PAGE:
Caution still needed on river
The rescue of two women from the Grand River on Wednesday shows the after effects of the heavy rainfall in June are still being felt, says a spokesperson for the Grand River Conservation Authority.
“The flows are twice as high as they would normally be for this time of year and because of all that rain there is a lot of debris – tree branches, rocks, trees – in the river that also poses a danger,” said Lisa Stocco.
“I can’t say how fast the flows are but I can say that the higher the water the faster the flows so people really do need to be exercising caution.”
Although the amount of rainfall that fell in the area on June 23 varies, more than 100 mm of rain fell within a span of two to three hours across the northern part of the Grand River watershed. That is about 10 per cent of the area’s annual rainfall, Stocco said.
Flooding occurred in some areas of the watershed and the GRCA put out advisories urging people to be careful around the Grand River and associated waterways.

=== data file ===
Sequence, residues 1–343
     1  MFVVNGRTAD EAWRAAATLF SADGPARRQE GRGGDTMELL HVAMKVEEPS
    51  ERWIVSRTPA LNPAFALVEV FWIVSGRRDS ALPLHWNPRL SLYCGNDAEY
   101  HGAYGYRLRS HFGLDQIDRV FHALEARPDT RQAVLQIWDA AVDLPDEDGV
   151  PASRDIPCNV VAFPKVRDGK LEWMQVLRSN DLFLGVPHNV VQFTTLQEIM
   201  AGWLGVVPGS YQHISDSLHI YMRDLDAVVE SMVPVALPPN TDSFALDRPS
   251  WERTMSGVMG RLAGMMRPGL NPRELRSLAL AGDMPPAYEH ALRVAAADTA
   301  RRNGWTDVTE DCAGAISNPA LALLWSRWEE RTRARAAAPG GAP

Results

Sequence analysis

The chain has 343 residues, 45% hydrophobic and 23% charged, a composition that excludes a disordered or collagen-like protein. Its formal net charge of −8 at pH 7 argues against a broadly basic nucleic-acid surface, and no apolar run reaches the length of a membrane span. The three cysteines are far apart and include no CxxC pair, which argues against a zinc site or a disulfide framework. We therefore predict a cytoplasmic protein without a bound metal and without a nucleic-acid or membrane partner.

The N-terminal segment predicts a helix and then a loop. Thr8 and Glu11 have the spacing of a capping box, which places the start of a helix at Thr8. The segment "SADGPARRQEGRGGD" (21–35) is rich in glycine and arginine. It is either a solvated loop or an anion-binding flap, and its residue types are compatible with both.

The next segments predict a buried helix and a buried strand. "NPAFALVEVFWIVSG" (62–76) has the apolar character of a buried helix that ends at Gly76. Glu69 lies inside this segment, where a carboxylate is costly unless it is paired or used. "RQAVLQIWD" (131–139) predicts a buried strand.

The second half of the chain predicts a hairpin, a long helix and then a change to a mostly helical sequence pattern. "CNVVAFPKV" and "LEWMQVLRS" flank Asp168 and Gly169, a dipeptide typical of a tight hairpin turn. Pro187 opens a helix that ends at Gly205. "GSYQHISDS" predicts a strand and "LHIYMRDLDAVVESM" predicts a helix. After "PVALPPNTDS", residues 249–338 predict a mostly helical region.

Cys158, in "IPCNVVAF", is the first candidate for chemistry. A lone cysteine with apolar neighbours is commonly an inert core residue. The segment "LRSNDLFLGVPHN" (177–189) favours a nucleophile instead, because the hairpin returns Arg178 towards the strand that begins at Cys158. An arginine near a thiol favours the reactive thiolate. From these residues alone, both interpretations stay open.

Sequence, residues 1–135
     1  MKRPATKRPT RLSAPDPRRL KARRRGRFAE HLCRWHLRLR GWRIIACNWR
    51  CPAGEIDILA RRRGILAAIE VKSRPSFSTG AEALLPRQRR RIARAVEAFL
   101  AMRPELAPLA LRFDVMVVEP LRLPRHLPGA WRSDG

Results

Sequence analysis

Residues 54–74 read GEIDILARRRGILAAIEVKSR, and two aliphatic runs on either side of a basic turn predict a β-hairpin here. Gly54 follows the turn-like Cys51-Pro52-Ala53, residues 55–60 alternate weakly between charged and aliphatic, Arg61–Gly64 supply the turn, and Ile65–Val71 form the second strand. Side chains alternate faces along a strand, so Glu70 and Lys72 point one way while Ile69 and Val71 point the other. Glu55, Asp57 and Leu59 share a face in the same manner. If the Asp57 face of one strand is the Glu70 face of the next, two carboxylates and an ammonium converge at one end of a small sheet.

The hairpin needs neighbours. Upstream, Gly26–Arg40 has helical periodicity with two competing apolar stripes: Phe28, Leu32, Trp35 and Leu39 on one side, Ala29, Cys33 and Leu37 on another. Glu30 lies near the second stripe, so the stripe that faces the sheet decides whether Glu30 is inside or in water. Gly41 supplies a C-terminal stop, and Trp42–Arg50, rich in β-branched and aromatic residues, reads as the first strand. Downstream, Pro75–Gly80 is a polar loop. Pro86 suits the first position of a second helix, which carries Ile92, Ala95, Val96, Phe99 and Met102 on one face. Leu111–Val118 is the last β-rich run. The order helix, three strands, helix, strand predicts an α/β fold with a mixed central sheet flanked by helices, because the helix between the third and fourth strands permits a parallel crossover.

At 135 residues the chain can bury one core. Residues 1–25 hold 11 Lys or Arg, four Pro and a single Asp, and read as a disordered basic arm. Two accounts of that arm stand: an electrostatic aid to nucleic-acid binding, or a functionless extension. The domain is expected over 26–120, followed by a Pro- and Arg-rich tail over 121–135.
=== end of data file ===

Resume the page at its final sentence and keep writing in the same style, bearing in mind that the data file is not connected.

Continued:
Although flooding hasn’t been a concern in more than a week, people still need to be careful because of the high flows and debris, Stocco said.
Water levels were so high and the conditions so dangerous that the GRCA was forced to suspend tubing at Elora Gorge Consevation Area last week. GRCA officials are still repairing some of the infrastructure that was damaged during June’s heavy rainfall,
The hazards of the Grand River were evident again Wednesday when two women in a dinghy got lodged in a tree.
They were able to use a cell phone to call 911 and Brantford firefighters,
City police and Brant paramedics responded to the call for help. Firefighters put two rapid deployment boats into the river and were able to rescue the women.
Brantford fire department Deputy Chief Todd Binkley called it a very “challenging rescue” due to the location and the water current.
The women were checked out by paramedics and found to be in good condition.
Anyone using the Grand River also need to be aware that many of the GRCA buoys and booms that warn of dangerous spots were displaced during June’s heavy rainfall.
GRCA staff are working to put them back into position, Stocco said.